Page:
Thursday, October 24, 2013

The Tobacco Problem (1882), 6th ed., by Meta Lander, An Early Exposé of Tobacco Hazards

The Tobacco Problem (1882), 6th ed., by Meta Lander, An Early Exposé of Tobacco Hazards:

In bringing out the present edition of "The Tobacco Problem," I desire to say that, while I have taken tobacco for my text, I have included all other narcotics, especially those used, at first, under medical prescription and continued until the servant becomes, not only a master, but a tyrant.
I wish also to acknowledge the great kindness with which my book has been received, even by many devotees of the weed. I had hardly expected such a degree of sufferance. It is true that, outspoken as I have been, I have set down naught in malice, and have aimed to avoid unfair and unwarranted statements. Yet I am aware that it is well-nigh impossible for one with strong convictions as to the use of narcotics, to write a treatise on the subject which will not seem, perhaps to a large class, unreasonable and extravagant, if not absurd.
Judging from the indications, the majority in Church and State are against me. Again and again have I been told that I injure the cause by demanding too much; that it is the abuse and not the proper use of tobacco against which I should direct my efforts.
The same charges have long been rung against

those who plead for total abstinence from intoxicating liquors. Such persons assert that temperance means "the moderate use of all these good things;" that it is really intemperance to insist on entire abstinence.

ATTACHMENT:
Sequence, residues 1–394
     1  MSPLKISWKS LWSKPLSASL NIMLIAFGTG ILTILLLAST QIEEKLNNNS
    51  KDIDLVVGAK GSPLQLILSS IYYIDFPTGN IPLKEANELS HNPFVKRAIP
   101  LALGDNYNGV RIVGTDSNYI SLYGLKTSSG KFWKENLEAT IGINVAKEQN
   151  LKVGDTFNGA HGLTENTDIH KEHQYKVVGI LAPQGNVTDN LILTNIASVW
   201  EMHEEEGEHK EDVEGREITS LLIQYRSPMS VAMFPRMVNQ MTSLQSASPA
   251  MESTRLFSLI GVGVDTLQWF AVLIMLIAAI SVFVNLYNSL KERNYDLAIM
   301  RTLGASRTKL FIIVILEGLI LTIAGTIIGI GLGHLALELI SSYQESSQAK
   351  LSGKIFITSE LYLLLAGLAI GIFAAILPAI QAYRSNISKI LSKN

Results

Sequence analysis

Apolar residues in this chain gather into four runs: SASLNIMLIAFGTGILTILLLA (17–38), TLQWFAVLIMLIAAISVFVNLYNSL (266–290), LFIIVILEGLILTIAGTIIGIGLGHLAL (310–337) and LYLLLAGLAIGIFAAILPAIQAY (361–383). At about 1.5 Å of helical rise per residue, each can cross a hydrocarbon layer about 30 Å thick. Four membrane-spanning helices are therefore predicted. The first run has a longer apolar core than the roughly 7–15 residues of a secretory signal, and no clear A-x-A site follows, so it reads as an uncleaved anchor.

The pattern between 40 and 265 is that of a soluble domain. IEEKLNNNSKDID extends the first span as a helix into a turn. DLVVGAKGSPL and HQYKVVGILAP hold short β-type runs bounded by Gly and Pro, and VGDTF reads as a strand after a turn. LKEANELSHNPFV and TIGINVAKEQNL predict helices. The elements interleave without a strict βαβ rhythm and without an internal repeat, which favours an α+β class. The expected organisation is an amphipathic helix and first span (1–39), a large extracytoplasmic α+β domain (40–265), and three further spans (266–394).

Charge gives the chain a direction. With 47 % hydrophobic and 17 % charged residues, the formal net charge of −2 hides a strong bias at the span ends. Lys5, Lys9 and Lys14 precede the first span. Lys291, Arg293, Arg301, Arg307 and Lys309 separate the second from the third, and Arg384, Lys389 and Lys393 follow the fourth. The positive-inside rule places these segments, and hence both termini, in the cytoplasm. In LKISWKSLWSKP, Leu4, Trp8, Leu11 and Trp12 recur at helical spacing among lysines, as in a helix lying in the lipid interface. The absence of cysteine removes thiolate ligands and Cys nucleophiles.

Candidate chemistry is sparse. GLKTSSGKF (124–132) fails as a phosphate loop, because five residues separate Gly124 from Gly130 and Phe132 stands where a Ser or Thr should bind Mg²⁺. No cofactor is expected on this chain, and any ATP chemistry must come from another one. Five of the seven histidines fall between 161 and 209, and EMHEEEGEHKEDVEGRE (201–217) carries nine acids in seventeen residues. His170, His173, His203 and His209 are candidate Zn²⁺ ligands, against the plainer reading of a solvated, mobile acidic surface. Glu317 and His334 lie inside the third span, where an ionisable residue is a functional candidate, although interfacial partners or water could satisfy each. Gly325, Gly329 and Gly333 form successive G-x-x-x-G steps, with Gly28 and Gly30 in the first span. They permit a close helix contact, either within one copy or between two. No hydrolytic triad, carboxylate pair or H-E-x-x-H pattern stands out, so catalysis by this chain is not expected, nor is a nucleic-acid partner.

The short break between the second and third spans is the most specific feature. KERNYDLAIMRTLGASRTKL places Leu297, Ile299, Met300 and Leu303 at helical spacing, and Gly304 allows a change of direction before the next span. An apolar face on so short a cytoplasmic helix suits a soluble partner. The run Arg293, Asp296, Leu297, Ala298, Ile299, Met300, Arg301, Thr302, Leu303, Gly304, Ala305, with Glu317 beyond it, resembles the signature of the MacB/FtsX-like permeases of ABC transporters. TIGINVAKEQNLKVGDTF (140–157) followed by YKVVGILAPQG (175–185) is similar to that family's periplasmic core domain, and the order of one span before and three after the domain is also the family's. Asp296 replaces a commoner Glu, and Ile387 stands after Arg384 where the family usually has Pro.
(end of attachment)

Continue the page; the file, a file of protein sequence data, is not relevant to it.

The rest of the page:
I can only reply that in many cases the tobacco users with whom I have conversed frankly concede that the habit, however limited, is not only foolish but injurious, and that they wish themselves well rid of it.
On the other hand, not a few insist that their use of tobacco is moderate, even when physicians and friends are alarmed by their excessive indulgence. It is very hard for such smokers, perhaps indeed for smokers generally, to admit that they smoke too much. Is not this an evidence that the tobacco habit impairs the judicial faculty?
I have discussed this subject with more than one excellent clergyman who assert that their temperate use of the "divine weed" is not only harmless, but really beneficial. May I not respectfully refer back the subject to these preachers of self-denial for a fuller consideration?
That there may not be exceptions to the rule governing the habitual use of narcotics, I dare not insist. But if such exceptions exist, are they not so rare that they may almost be regarded as strengthening the general rule?

Totally apart, however, from the more or less injurious results, physical and intellectual, of the tobacco habit, arises the question whether, in an

ethical view, the yielding to such a habit is worthy of one's better self—is not, indeed, a lowering of the moral tone.

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